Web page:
WHEN THE RAIN STOPS FALLING
BY ANDREW BOVELL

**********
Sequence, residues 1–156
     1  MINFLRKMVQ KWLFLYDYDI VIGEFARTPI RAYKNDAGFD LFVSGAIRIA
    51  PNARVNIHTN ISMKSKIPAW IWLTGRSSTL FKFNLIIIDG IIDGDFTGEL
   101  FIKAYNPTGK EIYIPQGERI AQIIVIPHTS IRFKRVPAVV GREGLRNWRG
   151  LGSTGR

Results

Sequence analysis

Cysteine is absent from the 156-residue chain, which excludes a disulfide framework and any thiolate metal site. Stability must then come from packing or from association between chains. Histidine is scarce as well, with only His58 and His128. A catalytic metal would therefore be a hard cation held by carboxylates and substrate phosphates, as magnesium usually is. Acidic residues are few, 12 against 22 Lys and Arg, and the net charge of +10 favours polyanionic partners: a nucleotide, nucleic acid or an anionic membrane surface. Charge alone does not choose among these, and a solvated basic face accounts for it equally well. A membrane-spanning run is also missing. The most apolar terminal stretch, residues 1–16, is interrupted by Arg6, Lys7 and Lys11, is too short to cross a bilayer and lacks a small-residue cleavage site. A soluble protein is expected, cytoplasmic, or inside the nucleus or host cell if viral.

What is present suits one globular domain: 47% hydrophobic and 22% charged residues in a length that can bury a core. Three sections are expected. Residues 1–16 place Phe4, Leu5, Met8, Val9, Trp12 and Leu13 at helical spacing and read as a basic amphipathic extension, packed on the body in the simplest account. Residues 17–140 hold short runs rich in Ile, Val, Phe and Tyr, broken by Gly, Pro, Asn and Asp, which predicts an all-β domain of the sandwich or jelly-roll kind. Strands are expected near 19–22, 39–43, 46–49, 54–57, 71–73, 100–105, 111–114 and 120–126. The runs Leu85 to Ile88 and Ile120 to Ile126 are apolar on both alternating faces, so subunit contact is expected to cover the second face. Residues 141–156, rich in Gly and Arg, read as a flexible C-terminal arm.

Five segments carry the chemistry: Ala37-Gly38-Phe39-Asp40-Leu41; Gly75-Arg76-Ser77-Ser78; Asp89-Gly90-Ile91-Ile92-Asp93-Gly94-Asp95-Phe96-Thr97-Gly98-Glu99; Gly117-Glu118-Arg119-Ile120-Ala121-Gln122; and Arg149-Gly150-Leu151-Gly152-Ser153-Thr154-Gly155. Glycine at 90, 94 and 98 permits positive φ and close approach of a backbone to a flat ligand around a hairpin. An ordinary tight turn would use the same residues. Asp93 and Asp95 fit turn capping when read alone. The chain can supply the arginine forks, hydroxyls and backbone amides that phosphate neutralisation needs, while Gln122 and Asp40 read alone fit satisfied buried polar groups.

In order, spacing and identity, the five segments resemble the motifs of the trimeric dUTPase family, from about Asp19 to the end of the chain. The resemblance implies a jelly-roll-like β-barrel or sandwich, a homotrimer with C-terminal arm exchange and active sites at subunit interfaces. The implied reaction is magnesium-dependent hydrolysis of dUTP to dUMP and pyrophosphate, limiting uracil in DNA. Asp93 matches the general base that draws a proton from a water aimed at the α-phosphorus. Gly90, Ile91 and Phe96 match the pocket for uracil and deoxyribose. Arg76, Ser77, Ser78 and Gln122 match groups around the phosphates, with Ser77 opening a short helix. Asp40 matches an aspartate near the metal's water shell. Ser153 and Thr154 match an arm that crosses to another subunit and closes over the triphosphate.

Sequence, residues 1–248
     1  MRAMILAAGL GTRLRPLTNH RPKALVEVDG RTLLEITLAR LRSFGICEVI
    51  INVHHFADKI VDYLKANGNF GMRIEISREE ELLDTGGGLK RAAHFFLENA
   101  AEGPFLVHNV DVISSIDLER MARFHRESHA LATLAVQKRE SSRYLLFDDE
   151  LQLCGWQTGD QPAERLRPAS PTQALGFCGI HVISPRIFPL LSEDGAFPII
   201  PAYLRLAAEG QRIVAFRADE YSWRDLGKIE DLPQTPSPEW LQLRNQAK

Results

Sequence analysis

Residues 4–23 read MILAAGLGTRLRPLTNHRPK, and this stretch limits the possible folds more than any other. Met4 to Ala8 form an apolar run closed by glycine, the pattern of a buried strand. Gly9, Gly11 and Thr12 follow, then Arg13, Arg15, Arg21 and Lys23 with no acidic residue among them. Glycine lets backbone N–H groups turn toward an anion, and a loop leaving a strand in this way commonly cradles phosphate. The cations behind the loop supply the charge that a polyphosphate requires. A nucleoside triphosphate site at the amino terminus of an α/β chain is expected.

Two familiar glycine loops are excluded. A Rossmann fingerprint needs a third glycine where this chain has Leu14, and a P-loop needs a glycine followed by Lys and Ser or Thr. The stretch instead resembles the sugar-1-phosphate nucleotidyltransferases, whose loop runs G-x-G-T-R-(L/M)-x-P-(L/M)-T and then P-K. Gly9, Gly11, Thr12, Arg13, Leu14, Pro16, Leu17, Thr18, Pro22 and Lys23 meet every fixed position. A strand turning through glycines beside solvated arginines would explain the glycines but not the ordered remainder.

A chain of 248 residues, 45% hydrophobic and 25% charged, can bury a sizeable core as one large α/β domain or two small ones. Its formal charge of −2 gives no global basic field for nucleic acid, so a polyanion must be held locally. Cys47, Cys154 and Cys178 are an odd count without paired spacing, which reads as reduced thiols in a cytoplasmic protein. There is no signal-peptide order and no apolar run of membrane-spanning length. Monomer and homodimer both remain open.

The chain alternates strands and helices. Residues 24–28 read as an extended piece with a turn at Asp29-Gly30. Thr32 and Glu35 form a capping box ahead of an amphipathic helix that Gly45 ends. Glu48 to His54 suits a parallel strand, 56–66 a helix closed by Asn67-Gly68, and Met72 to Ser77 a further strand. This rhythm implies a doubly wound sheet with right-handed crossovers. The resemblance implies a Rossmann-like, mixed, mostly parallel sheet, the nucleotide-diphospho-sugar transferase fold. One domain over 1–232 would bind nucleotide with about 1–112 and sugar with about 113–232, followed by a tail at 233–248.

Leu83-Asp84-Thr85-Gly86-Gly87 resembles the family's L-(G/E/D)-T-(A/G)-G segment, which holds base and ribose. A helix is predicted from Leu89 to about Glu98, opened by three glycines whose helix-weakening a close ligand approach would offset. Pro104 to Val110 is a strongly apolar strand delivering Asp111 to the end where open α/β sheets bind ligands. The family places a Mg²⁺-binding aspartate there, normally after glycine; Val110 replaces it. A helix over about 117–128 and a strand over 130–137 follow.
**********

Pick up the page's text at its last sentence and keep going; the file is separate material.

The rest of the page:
When the Rain Stops Falling by Andrew Bovell is a large fresco for 9 actors, a ‘genealogical’ journey into memory, legacies and abandonment, which moves back and forth in time from 1959 to 2039. Thanks to its extraordinary structure, the play investigates mortality and family, memory and inheritance; time as knowledge and forgetfulness, as flavour and unintentional leitmotif. And, magically, it also talks about how the weather impacts our lives and changes history offering itself as an opportunity to glimpse into a near future, a future on the verge of a small climatic apocalypse, of which the play’s non-stop rain is the first consequence. A shape-shifting table, nine chairs, a few umbrellas, a suitcase, and a large fish fallen from the sky. And behind all of this, the large surface of a wall from which genealogical trees and huge starry skies emerge among galaxies and clouds. At the edge of the proscenium, a park, a graveyard, a beach, an unexpected flower can be seen in the warm and cold light through the layered soundscapes, as if it were a sudden cinematic off-screen.